7. Giving up. The process can be excruciatingly long and cumbersome.  Nearly 750,000 people are waiting for a hearing before an administrative law judge, which is only one level of the SSDI appeals process. For individuals already facing significant physical or mental disabilities, this delay can add to the difficulty. Bueltemann, however, is quick to point out that receiving SSDI is a benefit that individuals with disabilities and their families have earned, if they meet the SSDI requirements. An SSDI award also is essential in securing other forms of financial support, including Medicare benefits and retirement protection.  “It may not be as easy as it should be to receive your payments, but don’t give up,” Bueltemann said. “Make sure you have good representation and don’t lose hope that you can secure your benefits.”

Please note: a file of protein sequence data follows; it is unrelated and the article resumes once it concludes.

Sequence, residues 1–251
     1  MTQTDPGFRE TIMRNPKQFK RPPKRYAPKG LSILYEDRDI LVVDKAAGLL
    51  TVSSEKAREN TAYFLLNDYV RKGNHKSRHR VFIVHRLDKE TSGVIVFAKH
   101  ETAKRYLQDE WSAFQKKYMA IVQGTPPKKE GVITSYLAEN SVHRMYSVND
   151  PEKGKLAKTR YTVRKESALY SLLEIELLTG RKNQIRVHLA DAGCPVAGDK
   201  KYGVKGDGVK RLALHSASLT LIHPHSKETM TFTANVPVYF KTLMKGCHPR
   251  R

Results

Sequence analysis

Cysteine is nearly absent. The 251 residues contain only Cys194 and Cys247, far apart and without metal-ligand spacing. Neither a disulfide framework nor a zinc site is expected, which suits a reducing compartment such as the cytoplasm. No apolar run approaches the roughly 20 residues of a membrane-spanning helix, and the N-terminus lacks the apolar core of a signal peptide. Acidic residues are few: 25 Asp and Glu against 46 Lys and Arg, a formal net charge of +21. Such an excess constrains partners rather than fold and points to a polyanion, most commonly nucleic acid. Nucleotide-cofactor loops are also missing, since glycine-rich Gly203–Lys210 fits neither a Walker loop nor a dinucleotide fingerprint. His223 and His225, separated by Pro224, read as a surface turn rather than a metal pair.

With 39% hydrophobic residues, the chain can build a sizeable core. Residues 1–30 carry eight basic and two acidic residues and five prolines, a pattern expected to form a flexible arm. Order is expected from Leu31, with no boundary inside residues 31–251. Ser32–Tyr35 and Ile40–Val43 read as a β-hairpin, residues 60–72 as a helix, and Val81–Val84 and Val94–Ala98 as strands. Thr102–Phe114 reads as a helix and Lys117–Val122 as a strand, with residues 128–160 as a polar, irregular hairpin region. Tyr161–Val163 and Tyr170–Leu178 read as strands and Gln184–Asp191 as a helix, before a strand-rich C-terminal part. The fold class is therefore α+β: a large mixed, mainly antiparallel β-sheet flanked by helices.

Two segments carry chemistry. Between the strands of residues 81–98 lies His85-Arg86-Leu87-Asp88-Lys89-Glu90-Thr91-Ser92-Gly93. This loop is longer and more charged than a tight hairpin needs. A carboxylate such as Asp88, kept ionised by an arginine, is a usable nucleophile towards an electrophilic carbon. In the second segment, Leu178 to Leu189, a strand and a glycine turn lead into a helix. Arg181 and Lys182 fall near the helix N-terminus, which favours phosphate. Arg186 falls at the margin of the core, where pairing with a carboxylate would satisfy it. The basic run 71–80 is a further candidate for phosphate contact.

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 Insurance Appeals


HELP IS AVAILABLE IN YOUR APPEAL from Bob Weiss, a lymphedema advocate with the National Lymphedema Network:

"I help patients appeal denial of compression bandages, garments and devices. It is a lengthy process, taking 1-4 years, with not at all an assured outcome, but it is worth the trouble since I am using the successful cases to convince CMS to change their interpretation of the Social Security Act and to cover lymphedema treatment materials.

I do not charge any fees for the work I do. I expect the patient, therapist or provider to appeal the first denial, and when that appeal is upheld (and it will be) then I will help writing the Redetermination Request.  For Medicare cases, when that is denied, I will ask to be designated the Authorized Representative and I will write and submit the Reconsideration Request for an "independent determination" by a Medicare Quality Independent Contractor.  I will at that time generate an evidence package for use at a Medicare Administrative Law Judge hearing. This is the first level of appeal at which we have a chance of winning the appeal and being reimbursed. Contact me when you are denied reimbursement."